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Amazing Resource: Do You Know About Oxford Bibliographies Online?

Amazing Resource: Do You Know About Oxford Bibliographies Online? June 28, 2020

Oxford Bibliographies Online

I can’t believe I just discovered “Oxford Bibliographies Online” (OBO). From the title of this resource, it doesn’t sound too exciting, but now that I have looked at some of the entries, I can’t believe I hadn’t utilized this sooner.

What is OBO? These are articles on a given topic that list academic bibliographies. But here’s the kicker: the entries are heavily annotated. Expert scholars are chosen to curate a master list of bibliographic items and the expert gives their own comments on each item. That means that many articles are dozens of pages long, and include 100+ items. I am currently working on the entry on “Faith in the New Testament.”

What disciplines are covered? See below, but I am particularly interested in Biblical Studies and Classics.

What Entries are available for Biblical Studies? There are 243 entries. Some of them are for biblical books (e.g., Galatians, Pastorals, Revelation), some for other corpora (e.g., OT Pseudepigrapha), and a host of topics and themes (art, Christology, Greek Language, Parables, War).

How do I get access? Is It free? No, it is not free, sadly. And I am pretty sure individuals cannot subscribe or buy access. You must gain access through an institution that has a subscription. I have access through a seminary subscription.

I am not a student or faculty. How do I get access? The best way to utilize this resource is to inquire if a theological library near you has a subscription. Then use it via on-campus connection or networked computer (when your area libraries re-open). One option: spend a day at a major research institution with a subscription and copy a bunch of entries at once.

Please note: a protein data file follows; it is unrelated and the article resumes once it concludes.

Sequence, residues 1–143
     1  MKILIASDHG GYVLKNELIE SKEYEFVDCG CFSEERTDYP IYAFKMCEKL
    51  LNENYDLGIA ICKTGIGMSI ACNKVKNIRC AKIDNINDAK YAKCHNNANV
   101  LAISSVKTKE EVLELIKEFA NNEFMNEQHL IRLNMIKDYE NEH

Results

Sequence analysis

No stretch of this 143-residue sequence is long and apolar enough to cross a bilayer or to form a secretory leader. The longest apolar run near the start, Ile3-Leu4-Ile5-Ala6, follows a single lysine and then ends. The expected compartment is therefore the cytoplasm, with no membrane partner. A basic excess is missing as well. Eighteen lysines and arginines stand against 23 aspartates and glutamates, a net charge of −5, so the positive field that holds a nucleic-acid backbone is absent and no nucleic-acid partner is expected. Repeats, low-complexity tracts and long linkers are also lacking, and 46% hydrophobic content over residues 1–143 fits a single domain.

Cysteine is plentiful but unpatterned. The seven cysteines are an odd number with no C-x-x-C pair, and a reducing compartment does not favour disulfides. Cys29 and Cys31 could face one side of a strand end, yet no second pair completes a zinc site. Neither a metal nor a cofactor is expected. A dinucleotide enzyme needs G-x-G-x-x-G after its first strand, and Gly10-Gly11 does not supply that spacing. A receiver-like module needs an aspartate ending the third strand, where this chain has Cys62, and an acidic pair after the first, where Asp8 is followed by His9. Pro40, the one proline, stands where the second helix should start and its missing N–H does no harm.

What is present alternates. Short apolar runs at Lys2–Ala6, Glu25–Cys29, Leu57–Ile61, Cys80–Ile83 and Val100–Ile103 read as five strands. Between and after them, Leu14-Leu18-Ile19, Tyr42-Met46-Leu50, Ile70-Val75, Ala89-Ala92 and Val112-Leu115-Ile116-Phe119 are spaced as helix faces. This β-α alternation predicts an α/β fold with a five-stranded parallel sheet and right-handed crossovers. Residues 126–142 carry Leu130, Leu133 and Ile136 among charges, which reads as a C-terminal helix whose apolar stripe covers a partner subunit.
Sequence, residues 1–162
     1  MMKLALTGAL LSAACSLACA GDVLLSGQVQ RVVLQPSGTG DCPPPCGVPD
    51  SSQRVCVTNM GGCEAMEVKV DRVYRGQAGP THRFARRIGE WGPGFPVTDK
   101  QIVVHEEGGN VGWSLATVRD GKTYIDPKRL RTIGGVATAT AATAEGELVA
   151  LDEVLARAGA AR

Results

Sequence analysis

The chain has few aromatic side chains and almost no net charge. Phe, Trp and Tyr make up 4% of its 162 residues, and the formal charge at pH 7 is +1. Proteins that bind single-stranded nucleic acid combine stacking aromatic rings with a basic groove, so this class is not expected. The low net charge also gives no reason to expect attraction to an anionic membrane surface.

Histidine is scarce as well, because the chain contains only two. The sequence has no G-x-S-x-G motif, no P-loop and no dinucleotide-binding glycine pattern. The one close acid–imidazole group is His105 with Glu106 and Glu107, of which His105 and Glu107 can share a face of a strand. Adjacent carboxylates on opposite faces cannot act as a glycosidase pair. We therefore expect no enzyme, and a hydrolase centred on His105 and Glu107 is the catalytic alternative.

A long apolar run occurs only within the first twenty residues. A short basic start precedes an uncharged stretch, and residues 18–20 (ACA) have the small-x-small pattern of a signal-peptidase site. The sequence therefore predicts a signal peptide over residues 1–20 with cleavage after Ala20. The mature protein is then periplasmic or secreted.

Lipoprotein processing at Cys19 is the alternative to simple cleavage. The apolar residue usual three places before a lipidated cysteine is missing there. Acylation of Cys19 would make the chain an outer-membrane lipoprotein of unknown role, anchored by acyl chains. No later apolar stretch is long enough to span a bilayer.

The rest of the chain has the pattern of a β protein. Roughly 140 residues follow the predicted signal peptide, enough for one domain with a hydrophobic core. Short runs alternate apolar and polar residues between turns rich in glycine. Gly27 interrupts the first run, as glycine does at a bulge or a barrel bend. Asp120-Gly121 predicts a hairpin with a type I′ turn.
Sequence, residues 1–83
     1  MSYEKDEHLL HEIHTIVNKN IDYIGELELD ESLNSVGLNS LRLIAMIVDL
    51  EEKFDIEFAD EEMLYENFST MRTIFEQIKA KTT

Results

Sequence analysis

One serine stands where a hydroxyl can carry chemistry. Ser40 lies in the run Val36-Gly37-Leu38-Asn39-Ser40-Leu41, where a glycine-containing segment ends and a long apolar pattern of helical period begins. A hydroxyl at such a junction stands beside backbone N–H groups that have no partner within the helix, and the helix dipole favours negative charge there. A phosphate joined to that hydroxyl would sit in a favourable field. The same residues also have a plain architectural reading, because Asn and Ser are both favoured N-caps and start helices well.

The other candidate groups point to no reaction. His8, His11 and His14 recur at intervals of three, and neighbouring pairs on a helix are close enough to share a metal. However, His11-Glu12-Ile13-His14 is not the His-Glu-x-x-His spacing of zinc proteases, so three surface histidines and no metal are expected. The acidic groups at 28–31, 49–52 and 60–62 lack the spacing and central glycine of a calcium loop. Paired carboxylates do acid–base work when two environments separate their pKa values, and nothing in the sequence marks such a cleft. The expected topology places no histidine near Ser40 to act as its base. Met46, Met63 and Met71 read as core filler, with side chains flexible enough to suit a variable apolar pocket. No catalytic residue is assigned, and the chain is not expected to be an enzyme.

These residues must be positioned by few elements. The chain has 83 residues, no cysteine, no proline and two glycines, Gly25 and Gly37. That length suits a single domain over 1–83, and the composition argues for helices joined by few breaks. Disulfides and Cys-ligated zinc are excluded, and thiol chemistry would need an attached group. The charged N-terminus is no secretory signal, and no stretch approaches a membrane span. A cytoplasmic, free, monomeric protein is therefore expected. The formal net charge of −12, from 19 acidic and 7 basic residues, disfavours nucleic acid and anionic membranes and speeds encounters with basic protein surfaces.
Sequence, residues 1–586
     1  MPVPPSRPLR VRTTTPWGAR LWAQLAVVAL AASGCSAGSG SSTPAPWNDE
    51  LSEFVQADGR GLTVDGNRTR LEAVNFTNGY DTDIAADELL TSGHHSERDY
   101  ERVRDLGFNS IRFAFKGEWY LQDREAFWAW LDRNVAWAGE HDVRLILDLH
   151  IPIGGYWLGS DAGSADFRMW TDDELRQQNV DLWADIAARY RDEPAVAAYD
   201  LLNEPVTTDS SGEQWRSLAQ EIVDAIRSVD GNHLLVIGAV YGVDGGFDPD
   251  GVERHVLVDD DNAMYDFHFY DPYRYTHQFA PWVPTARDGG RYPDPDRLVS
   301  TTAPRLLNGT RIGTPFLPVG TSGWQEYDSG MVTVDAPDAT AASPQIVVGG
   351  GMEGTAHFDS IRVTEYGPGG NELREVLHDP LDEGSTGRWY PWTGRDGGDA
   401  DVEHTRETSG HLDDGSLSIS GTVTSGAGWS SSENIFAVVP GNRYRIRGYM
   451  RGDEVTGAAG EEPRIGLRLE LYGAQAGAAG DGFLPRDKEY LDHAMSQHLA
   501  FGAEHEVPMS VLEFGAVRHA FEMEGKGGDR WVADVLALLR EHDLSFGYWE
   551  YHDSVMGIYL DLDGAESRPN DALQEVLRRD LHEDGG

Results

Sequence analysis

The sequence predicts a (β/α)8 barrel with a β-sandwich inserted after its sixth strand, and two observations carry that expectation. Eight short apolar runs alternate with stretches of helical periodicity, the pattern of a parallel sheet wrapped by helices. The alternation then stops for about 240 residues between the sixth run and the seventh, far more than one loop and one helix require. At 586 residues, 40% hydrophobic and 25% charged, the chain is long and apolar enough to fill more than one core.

Check out the Classics Content: I appreciate the Biblical studies material, but I was especially appreciative of the Classics section because I don’t know the scholarship in that sphere as well. So, I have made good use of the entries in Classics in the areas of (for example) Roman Family, Roman Army, and Roman Religion.

Here is a sample from the entry on “Crucifixion” by Cook and Chapman (BIBLICAL STUDIES)

This is what the top of an entry looks like. The entry is usually broken down into headings, and there might be a general discussion of the sub-topic before the annotations. 

Here is an example of a set of annotations. I really like the fact that you can export the entire (100+) bibliography straight to Zotero. 

 

Here is another example of the initial summary for a new sub-heading.

Here is another example of the sub-section summaries


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